Early in the 20th century, a young Lloyd Lancaster left his family and home in Trigg County to build a life in New York City, where he was employed by the New York Central Railroad.
Lancaster died in 1965, just shortly after retiring from a career that spanned about a half of a century with the New York Central.
To celebrate retirement, he and his wife took a vacation to Florida and while there he became ill and died shortly thereafter.
This past December, a part of his legacy returned to Kentucky in the form of a gold watch.
It’s thanks to our neighbor Donnie Dixon, who dropped by the office one recent snowy day and told us about the watch.
We contacted Harold Lancaster, who is a nephew of the owner of the watch, and he was kind enough to tell us the story.
Accurate time has always been of great importance to the railroad industry. Agents, engineers, everyone involved watched the clocks and their watches, all of which were the finest available and dependable.
The Lancaster timepiece had been passed down to Larry Lancaster, first cousin of Harold.
Larry Lancaster recently retired following a long career as a professor at Vanderbilt University in Nashville.
He had no heirs, and wanted the watch to remain in the family.
In December, Harold received a letter from his cousin.
“It was a complete surprise,” he told us. “Larry said the watch was given to our grandfather by his oldest son, our Uncle Lloyd,” Harold said.
Lloyd had left Trigg County for New York at an early age and only returned for annual visits.
As a young boy, Harold remembered those trips and his uncle’s stories about the railroad.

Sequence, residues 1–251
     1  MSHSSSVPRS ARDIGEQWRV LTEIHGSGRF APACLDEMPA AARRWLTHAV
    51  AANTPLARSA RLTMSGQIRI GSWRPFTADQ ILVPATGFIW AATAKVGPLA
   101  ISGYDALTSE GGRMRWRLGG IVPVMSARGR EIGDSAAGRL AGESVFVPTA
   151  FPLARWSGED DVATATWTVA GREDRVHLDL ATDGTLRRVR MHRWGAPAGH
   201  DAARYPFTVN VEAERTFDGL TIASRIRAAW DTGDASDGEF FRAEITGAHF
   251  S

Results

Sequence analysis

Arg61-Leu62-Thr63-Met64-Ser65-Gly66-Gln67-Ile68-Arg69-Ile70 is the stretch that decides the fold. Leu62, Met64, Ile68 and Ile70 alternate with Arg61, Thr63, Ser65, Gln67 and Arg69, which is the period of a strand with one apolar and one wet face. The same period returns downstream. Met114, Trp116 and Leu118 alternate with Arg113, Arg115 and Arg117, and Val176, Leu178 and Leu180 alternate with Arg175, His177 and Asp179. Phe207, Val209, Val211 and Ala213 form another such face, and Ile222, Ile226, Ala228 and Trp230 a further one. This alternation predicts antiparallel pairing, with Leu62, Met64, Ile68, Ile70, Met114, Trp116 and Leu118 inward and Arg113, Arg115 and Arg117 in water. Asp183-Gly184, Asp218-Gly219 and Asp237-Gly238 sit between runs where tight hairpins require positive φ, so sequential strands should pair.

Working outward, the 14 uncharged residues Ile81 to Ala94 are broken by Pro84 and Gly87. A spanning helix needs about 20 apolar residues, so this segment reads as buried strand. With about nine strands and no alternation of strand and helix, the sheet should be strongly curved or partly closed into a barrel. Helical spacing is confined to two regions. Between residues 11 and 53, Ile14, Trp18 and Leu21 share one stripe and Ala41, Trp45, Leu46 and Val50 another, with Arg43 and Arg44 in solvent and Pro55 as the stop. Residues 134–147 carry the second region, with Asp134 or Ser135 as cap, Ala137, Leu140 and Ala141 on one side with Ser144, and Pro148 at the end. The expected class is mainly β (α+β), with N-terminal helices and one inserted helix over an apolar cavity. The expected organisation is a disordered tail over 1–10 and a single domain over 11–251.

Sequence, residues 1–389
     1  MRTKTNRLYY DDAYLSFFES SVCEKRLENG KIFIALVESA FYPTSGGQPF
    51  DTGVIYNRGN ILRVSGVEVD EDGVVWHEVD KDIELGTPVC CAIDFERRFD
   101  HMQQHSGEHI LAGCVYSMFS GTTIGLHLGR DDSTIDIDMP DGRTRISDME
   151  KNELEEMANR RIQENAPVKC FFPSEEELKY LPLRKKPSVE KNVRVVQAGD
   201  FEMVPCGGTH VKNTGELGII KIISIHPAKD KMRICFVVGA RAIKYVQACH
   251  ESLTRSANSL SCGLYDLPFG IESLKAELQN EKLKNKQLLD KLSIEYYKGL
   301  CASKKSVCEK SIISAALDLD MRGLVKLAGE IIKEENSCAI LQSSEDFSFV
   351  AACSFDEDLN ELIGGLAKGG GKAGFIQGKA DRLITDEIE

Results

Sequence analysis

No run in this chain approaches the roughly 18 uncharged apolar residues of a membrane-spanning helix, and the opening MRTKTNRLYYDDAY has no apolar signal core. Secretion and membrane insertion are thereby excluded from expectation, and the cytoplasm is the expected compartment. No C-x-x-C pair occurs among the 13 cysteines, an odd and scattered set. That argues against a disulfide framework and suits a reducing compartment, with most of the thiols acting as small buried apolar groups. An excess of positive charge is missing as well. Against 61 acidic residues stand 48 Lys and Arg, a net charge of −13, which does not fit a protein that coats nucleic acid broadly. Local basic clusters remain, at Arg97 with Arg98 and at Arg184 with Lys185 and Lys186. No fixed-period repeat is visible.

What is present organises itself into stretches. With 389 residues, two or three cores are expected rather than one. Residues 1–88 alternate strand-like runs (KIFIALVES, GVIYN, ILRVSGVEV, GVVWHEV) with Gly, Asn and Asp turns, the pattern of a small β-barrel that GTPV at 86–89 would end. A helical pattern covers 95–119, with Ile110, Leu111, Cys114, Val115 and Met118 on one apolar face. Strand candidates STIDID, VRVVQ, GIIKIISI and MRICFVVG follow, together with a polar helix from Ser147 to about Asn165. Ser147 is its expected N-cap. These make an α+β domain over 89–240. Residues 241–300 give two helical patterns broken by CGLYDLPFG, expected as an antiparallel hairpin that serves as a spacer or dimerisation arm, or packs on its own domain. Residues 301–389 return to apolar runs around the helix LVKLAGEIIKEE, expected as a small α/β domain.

“I never knew for sure if he was an engineer, but from my memories of things he told us, I assumed he was an engineer,” Harold said.
Cousin Larry had the watch cleaned and some movements repaired or replaced, and it runs well.
He passed the watch to Harold because he was the youngest of the brothers, and he knew Harold also had children and grandchildren and would someday pass the watch to them.
In his letter, cousin Larry said, “If I keep it, it would most likely end up in a pawn shop or estate sale, and be bought by some complete stranger. I would like for it to stay in the family.”
Harold was greatly pleased to receive the watch, which is displayed on an ornate silver frame.
Harold and his wife, Wanda, live on Woodburn Hay Road, and he is still engaged in farming.
“I want my grandson to keep it,” he said.
In the family trend of passing the watch to the youngest, Harold’s grandson, Jacob Aaron Newby, will be the keeper of the watch.
He is the son of Kentucky State Trooper Jason Newby and his wife, Tina, and he has an older brother, Jacob, and a sister, Lacie Beth.
The grandson is 11 years old, but his grandfather said, “He was excited about the watch.”
The watch is a reminder of the times when our trains managed to run on a tight schedule, timed by big clocks on the railroad station walls and the many gold pocket watches worn by depot agents, conductors, engineers and just about anyone who worked for the railroads.
It isn’t known if Mr. Lancaster’s golden Elgin watch was issued to him or he purchased it, but it appears to be worn smooth from many years of use.
Mary D. Ferguson is a staff writer and columnist for the Kentucky New Era. Her column runs every Saturday. She can be reached by telephone at 270-887-3230.